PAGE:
Nine of the councillors spent the morning at Greenford High School today. As part of Local Democracy Week we were taking part in an event billed as political speed-dating. I am happy to report that there was nothing improper. Each councillor spent 3 minutes being interviewed by 2 or 3 sixth formers and then we moved on to the next group.
It was bracing and fun to meet 20 or so sixth formers from Greenford and Southall. They had a range of questions but a number of issues kept coming up: immigration was one and the effect it had on their ability to get part-time jobs, personal safety and in particular knife crime and facilities for young people.
You may know that Greenford High School has been completely rebuilt with Â£40 million of central government cash and this is the school’s first term in its new premises. One perceptive young man questioned whether the money had been well spent. Certainly the site looked great but Colm Costello for one could not understand why the refectory and the auditorium we were using were built on quite such a grand scale. It feels like the architect was happy to spread buildings around the playing fields – so much for obesity then. The sixth formers were very ambivalent about the new building and were sorry to see their old 1939 building being bulldozed. A frequent complaint was how long it took to navigate around the new campus and many felt that it was a bit ambitious for the 11 year-olds. I asked one group in particular if they thought that the institution itself had been strengthened by this investment. The answer was no.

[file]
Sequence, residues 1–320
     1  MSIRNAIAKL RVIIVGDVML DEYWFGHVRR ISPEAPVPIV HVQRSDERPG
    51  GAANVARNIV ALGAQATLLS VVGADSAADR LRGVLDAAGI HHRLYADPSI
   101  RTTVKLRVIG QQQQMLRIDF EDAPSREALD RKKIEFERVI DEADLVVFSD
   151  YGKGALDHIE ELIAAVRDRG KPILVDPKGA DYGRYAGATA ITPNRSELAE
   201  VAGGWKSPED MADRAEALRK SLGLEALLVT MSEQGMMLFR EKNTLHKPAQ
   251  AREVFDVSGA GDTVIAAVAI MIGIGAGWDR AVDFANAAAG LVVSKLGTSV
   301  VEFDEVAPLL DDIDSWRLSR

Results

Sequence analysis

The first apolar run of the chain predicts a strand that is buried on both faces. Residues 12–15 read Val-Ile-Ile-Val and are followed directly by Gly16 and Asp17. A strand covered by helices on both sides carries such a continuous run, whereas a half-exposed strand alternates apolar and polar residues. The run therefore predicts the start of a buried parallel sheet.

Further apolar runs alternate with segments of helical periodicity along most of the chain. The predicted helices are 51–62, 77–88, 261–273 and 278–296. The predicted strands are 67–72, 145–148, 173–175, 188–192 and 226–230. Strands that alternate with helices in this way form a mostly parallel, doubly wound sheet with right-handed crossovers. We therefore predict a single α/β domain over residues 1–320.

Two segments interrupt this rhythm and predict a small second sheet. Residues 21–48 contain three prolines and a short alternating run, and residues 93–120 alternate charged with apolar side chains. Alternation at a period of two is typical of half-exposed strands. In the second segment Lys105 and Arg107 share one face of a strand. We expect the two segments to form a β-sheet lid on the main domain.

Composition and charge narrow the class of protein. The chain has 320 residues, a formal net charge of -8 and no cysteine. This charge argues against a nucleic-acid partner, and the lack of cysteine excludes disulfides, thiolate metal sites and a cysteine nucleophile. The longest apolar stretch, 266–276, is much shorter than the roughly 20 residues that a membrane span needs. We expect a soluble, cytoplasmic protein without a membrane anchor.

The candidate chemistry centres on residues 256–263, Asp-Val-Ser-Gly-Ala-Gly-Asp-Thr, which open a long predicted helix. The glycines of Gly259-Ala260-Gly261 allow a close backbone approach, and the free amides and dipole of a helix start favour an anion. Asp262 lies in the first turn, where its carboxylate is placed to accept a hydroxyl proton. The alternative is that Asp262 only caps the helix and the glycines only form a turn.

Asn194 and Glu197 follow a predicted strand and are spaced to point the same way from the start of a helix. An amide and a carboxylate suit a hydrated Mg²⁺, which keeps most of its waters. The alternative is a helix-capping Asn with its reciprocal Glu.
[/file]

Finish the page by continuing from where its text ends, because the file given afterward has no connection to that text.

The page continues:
Back to the event. Those taking part scored the councillors under five categories such as listening skills, would you vote for them, etc. The top three were:
1 – Councillor Bassam Mahfouz
2 – Councillor Colm Costello
3 – Councillor Shabaz Ahmed
Well done to Bassam, the winner for the second year in a row, and well done to Colm too for keeping the Tory end up. Thankfully the rest of us did not have our scores read out. I guess I have to accept that telling sixth formers what they want to hear may not be my strong suit.